What is Stunnel and how do you configure it?

What is Stunnel and how do you configure it?

Open Source Published on 4 mins Last updated

At Loadbalancer.org we love open source. It exposes us to great software such as Stunnel. And, if you're using our load balancer appliance, you may well want to use it to add TLS encryption to your service, without the need for any code changes.

Here I'll explain how you can use Stunnel to secure not only your web servers, but also any TCP-based service.

What is Stunnel?

Stunnel is a piece of software that has the unique ability to "wrap" various services in TLS, offering an additional layer of encryption and functionality. It listens on the port specified in its configuration file, encrypts the communication with the client, and forwards the data to the original daemon listening on its usual port.

As such, Stunnel's architecture is finely tuned for security, portability, and scalability, making it an ideal choice for large-scale deployments. And, while its utility extends beyond this, many users leverage Stunnel for SSL/TLS termination on our Loadbalancer.org appliance.

Stunnel v NGINX reverse proxy

For what it's worth, if you're wondering whether you should consider using NGINX instead as your TLS-terminating reverse proxy, here are a few points to consider:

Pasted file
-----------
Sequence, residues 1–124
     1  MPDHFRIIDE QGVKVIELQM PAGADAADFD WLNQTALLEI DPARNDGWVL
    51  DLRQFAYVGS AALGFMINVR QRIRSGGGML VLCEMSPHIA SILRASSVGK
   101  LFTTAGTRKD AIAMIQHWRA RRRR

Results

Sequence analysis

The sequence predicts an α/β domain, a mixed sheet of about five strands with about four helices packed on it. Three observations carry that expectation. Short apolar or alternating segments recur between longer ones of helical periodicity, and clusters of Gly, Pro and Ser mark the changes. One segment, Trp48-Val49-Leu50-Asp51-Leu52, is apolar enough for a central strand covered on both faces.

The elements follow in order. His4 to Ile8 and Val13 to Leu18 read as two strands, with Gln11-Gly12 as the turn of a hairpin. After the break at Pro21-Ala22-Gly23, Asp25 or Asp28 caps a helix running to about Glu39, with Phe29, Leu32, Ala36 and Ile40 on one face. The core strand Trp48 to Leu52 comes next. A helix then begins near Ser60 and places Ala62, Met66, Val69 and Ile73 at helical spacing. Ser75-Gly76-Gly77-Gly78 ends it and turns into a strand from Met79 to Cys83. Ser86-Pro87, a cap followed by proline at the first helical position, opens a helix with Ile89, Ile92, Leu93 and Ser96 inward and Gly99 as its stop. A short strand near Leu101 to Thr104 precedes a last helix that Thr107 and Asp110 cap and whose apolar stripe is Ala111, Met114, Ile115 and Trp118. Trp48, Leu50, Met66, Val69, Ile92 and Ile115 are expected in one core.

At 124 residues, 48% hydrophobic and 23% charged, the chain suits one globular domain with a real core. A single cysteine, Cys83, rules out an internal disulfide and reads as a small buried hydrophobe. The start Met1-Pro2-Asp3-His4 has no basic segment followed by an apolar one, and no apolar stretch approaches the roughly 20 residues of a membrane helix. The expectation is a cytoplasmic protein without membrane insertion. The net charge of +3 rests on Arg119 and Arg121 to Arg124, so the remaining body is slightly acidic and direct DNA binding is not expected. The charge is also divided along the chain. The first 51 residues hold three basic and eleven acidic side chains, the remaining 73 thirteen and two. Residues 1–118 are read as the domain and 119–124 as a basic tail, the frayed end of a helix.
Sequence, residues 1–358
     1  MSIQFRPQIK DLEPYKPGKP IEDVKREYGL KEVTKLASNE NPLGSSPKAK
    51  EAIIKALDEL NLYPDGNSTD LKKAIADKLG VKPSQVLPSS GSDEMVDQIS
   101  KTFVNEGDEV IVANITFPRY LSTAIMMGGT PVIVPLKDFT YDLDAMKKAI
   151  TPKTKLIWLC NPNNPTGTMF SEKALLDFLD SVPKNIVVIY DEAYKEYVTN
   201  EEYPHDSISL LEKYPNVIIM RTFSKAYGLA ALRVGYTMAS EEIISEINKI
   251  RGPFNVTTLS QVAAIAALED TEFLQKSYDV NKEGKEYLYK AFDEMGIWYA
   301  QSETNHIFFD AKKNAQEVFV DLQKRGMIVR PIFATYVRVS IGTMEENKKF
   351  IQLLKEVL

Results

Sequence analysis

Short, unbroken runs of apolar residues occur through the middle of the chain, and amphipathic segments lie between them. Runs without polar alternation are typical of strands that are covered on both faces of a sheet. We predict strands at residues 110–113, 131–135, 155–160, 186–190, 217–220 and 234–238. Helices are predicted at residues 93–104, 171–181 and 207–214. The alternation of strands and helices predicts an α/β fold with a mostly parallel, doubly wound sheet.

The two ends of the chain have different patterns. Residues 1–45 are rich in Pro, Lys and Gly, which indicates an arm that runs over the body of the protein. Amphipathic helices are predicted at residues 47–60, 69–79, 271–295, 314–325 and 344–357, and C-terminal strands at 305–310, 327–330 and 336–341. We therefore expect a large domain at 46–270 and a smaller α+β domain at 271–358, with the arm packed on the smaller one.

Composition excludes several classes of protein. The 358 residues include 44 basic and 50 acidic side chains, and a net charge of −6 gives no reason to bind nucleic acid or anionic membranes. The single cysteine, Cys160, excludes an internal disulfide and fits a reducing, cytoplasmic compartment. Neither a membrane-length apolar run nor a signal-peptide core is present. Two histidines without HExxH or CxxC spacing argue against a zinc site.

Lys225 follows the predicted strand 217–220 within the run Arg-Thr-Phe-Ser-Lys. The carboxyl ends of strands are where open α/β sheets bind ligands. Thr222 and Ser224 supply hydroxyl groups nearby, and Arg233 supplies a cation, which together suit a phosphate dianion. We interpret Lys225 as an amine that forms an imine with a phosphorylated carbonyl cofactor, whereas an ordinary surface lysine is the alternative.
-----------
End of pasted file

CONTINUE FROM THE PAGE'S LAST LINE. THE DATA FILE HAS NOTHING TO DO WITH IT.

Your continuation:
When to use Stunnel

  • Pros: Lightweight for basic needs, good for non-HTTP protocols.
  • Cons: Doesn't provide load balancing capabilities, but can also be used as a client.

When to use NGINX

  • Pros: A high performance web server with strong TLS termination, offering caching, and load-balancing
  • Cons: It requires more resources.

Where does that leave you?

My suggestion would be to choose Stunnel for basic TLS termination with few apps and limited resources. Less is more, after all!

And choose NGINX for most web servers where TLS termination is needed alongside features like caching and load balancing.

It also depends on which software you're more accustomed to, as well as which works better for what you need to achieve.

Anyway. For the purposes of this blog I'm going to assume you're using Stunnel...

Getting started with Stunnel software

The first step towards Stunnel configuration involves installing Stunnel on your server. You can download Stunnel here if you don't already have it.

Next, follow these steps (note, that the installation process may differ depending on your Linux distribution):

# RHEL and derivatives

yum install stunnel

# Debian and derivatives

apt install stunnel

# Alpine Linux

apk add stunnel

After the installation, you should then be able to locate the Stunnel configuration at:


Stunnel configuration

Stunnel configuration requires you to edit the text file to include some general configurations, as well as the configuration for particular services.

Global configuration options

I recommend that you drop root privileges if Stunnel is started by the root user:

setuid = stunnel

setgid = stunnel

If it's enabled, A PID file is then created inside the chroot jail:

pid = /var/run/stunnel.pid

Debugging and logging options such as these can also be useful for troubleshooting:

foreground = yes

debug = info

output = /var/log/stunnel.log